Fishing lures are made to tempt a fish in two ways: by imitating small fish, crustaceans, and natural prey fish eat, and attracting them through colour, movement and/or reflective surfaces. There are a range of different lures on the market, however, for catching flathead we'd recommend focusing on three types: soft plastics, lipless crankbaits, and trolling lures. It's worth noting that flatties will also eat flies. So, if you fancy fly-fishing for them, then wading the estuary flats with a weight 6 or 7 fly rod, weight forward floating line, and some Clouser style minnow patterns can work a treat.
Fishing soft plastics for flatties is great fun and picking patterns with lots action such as paddle tail plastics and curl tail grubs can be deadly. The benefit of fishing soft plastics is that it's easy to change jig heads to match the depth at which you're fishing.
Lipless crankbaits come in an array of sizes, colours and materials and can be very effective when fished off the beach. These types of lures sink quickly, vibrate when lifted, and they're easy to fish.
With both lipless crankbaits and soft plastics, the retrieve is important for getting the fish to bite. A 'hop and stop' retrieve where you bring the line back with a simple rod lift, aiming to get it a metre off the bottom, before letting it sit for a few seconds to hit the bottom again mimics the movement of prey and can result in bites.
Finally, if you're fishing from a boat, then trolling lures can be deadly. Trolling lures are usually bibbed (the bib forces them to travel at different depths under water depending on the angle of the bib) that come in a range of sizes, colours and importantly depths. The key to success is matching the depth of lure to depth of water you're fishing so you're hitting the bottom and working the likely looking flathead zones thoroughly.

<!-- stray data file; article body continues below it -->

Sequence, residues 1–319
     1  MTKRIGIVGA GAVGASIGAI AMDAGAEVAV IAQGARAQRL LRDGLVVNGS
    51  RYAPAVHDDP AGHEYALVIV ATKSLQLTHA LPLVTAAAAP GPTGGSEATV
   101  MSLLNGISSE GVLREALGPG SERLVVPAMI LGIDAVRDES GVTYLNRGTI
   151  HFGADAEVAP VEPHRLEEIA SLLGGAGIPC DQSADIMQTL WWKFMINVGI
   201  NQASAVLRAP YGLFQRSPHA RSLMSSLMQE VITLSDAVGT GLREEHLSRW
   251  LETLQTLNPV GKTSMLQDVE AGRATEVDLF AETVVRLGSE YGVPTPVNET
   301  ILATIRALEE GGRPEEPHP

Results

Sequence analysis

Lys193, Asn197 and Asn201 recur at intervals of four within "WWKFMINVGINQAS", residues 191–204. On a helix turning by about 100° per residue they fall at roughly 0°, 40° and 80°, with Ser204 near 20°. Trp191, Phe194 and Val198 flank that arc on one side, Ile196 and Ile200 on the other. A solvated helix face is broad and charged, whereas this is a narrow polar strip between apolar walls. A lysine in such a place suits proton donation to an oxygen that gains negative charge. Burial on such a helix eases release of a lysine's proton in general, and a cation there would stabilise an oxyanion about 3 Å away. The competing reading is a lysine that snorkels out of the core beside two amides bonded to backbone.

The good thing about catching flathead is that you don't need a particularly expensive or complicated outfit. A quality fast action 2-4kg rod with 2000-2500 size spin fishing reel spooled with 10 lb braid and 15 lb monofilament (or fluorocarbon) leader would work well.
If you're bait fishing, a simple running sinker rig is perfect. You can use pretty much any size (within reason!) and style of hook when bait fishing, just remember to alter the size of your sinker depending on the strength of the current for the best results.
If you're luring flatties, spooling your rod with a slightly lighter braid (8 lb) and an 8-12 lb fluorocarbon leader will help you cast the lure longer distances, and the tougher outer coating on the fluorocarbon can give added protection against the flathead's raspy teeth.
For a quick intro into fishing for flathead, particularly duskies, watch the video below.
Responsible fishing handling
If you catch a fish, it's important you handle it responsibly to minimise stress and maximise its chance of survival if you intend to release it.
We would recommend that:
- You handle the fish with wet hands or a wet towel (which is a very good option for fish with spiky fins like flathead) on a cool, wet surface.
- Remove hooks as cleanly as possible using a hook remover or long nosed pliers.
- If the fish is hooked deeply in the mouth or stomach, leave the hook where it is and cut the line as close as possible to hook.
- When possible, remove the hook while the fish is still in the water.
- Hold the fish gently move it forward to force water through its gills until it has revived and is able to swim normally.
If the fish is of legal size and you intend to keep it, we recommend that:
- Dispatch fish you intend to keep immediately.
- Ice fish and store them away from sunlight, preferably in a moist bag or cooler.
For more information on responsible fish handling visit our web page on responsible fishing behaviours.